Advertisement

Springer Nature is making SARS-CoV-2 and COVID-19 research free. View research | View latest news | Sign up for updates

Transfer of cadmium in a phytoplankton-oyster-mouse food chain

  • 52 Accesses

  • 9 Citations

Abstract

The trophic transfer of cadmium (Cd) was studied in a phytoplankton-oyster-mouse food chain. Phytoplankton, grown in a continuous culture chemostat system containing CdCl2 plus the isotope109Cd, accumulated 70% of the total supplied cadmium. Oysters filtered out 85 to 95% of the phytoplankton. The rate of oyster Cd accumulation at 15 C increased linearly with seawater Cd concentration according to: y=0.066X − 0.15 (n =12, r=0.96); where X=μg Cd/L seawater (between 2 and 22) and y=μg Cd/g dry wt oyster/ day. About 59% of the Cd accumulated by the oysters came from the phytoplankton food source and 41% from the cadmium dissolved in the water. Sixty-one percent of the total supplied cadmium was retained in the whole soft body of the osyters. Mice fed 0.4 μg of oyster-bound Cd per g of diet, retained 0.83% of the dietary cadmium consumed. Mouse kidney retention for organic oyster-bound cadmium was 0.14%. Extrapolation of these results to human risk assessment indicates that moderate consumption of oysters, which are not highly contaminated with cadmium, poses no significant health risk in terms of elevating kidney cadmium levels.

This is a preview of subscription content, log in to check access.

References

  1. Amiard JC, Amiard-Triquet C (1977) Health and ecological aspects of cobalt-60 transfer in seawater food chain typical of an intertidal mud-flat. Intern J Environ Studies 10:113–118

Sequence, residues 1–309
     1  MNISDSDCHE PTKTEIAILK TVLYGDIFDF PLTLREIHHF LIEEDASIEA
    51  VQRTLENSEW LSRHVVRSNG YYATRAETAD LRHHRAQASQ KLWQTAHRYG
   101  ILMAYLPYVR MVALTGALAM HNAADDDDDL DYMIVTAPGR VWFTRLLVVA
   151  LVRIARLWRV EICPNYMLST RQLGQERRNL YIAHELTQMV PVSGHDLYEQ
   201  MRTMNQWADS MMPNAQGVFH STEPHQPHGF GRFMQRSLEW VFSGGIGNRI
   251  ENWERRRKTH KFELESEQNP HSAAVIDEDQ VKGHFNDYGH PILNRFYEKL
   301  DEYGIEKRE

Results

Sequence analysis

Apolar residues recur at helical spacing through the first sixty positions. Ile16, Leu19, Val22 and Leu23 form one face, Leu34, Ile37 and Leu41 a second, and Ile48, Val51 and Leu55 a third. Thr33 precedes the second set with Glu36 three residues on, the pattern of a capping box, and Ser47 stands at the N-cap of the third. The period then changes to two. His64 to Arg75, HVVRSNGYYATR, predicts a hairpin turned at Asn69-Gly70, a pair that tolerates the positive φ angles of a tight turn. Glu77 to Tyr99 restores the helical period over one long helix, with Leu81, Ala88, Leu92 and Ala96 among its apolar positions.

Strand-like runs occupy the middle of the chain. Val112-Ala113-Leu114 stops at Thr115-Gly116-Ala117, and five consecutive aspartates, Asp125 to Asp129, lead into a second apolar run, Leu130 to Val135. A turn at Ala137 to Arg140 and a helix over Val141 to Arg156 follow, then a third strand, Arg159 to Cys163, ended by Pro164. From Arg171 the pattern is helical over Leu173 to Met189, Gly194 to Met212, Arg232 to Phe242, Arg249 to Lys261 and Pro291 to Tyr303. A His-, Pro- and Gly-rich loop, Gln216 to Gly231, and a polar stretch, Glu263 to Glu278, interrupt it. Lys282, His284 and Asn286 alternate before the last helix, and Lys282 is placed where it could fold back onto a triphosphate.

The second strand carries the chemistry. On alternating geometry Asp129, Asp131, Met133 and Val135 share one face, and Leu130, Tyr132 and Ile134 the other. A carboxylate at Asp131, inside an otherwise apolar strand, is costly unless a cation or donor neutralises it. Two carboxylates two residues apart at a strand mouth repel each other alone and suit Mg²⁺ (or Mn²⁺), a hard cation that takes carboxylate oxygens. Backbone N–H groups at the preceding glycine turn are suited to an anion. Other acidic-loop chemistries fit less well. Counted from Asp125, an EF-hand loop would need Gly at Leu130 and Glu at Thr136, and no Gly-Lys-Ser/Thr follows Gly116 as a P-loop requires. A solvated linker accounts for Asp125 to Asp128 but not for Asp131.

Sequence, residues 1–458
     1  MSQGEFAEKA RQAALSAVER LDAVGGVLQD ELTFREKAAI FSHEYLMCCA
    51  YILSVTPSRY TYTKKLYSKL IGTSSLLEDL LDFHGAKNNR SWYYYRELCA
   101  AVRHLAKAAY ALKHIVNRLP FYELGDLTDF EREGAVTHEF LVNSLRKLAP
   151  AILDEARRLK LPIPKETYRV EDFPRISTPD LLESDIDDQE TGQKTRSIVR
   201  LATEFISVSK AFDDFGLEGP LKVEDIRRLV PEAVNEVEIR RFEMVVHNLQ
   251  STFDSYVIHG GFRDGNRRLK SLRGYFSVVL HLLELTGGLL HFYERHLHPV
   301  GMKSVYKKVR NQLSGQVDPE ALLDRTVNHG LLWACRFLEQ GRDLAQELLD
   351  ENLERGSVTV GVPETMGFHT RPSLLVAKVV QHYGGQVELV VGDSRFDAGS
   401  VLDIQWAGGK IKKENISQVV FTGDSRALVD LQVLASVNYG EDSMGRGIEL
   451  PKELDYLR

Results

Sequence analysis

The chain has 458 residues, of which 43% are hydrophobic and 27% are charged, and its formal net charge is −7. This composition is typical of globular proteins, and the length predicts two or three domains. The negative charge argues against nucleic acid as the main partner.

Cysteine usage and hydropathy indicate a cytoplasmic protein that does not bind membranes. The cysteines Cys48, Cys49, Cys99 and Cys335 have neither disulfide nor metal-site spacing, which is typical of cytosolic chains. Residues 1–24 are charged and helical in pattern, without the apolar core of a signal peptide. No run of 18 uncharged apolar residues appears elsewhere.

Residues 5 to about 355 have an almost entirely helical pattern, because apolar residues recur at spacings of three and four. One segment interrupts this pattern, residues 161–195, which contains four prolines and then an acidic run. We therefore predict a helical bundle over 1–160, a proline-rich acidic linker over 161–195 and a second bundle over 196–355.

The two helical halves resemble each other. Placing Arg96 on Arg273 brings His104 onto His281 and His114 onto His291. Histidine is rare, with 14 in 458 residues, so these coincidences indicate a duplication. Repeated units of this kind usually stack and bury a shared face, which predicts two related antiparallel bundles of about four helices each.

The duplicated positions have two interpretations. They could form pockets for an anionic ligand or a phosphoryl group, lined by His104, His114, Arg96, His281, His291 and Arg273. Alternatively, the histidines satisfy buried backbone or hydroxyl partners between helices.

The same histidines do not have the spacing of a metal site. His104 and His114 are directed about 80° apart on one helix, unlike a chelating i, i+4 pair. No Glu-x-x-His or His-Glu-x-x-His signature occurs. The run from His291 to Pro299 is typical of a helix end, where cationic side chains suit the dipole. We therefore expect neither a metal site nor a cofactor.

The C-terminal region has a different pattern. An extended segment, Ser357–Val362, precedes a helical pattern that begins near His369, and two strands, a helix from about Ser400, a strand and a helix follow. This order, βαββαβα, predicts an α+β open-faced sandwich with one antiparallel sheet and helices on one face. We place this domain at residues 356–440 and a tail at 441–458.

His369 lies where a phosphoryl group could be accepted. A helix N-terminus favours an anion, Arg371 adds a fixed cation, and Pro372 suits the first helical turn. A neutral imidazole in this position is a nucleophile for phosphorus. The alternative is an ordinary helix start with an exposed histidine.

2. Bryan GW, Uysal H (1978) Heavy metals in the burrowing bivalveScrobicularia plana from the Tamar estuary in relation to environmental levels. J Mar Biol Assoc UK 58:89–108

  3. Bureau of Foods (1975) Compliance Program Evaluation, FY1974. Heavy Metals in Foods Survey. U.S. Food and Drug Administration, Washington, DC

  4. Butterworth J, Lester P, Nickless G (1972) Distribution of heavy metals in the Severn Estuary. Mar Pollut Bull 3:72–74

  5. Conway HL (1978) Sorption of arsenic and cadmium and their effects on growth micronutrient utilization and photosynthetic pigment composition ofAstrionella formosa. J Fish Res Board Can 35(3):286–294

  6. Cossa D (1976) Sorption due cadmium par une population de las diatomeePhaeodactylum tricornutum en culture. Mar Biol 34:163–167

  7. Eaton A (1976) Marine geochemistry of cadmium. Mar Chem 4:141–154

  8. Eisler R, Zaroogian GE, Hennekey RJ (1972) Cadmium uptake by marine organisms. J Fish Res Board Can 29:1367–1369

  9. Epifanio CE, Ewart J (1977) Maximum ration of four algae diets for the oysterC. virginica. Aquaculture 11:13–29

  10. Flanagan PR, McLellan JS, Haist J, Cherian MG, Chamberlain MJ, Valberg LS (1978) Increased dietary cadmium absorption in mice and human subjects with iron deficiency. Gastroenterology 74:841–846

  11. Fowler SW, Heyraud M, La Rosa J (1978) Factors affecting methyl and inorganic mercury dynamics in mussels and shrimp. Mar Biol 46:267–276

  12. Fox MRS (1976) Cadmium metabolism-a review of aspects pertinent to evaluating dietary cadmium intake by man. In: Prasad, AS (ed) Trace Elements in Human Health and Disease, Vol. II. Academic Press, New York

  13. Friberg L, Piscator M, Nordberg G (1971) Cadmium in the environment, I. CRC Press, Cleveland, 258 pp

  14. George SC, Pirie B (1979) The occurrence of cadmium in subcellular particles in the kidney of the marine musselMytillus edulis, exposed to cadmium, the use of electron microscope analysis. Biochim Biophys Acta 580:234–244

  15. George, SC (1981) Pathways of heavy metal metabolism in marine shellfish. In: Proc. International Conference on Heavy Metals in the Environment. September, Geneva World Health Organization, Amsterdam, pp. 273–276

  16. Guillard R (1975) Culture of phytoplankton for feeding marine invertebrates. In: Smith WL, Chanley MH (eds) Culture of marine invertebrate animals. Plenum, New York, pp. 29–60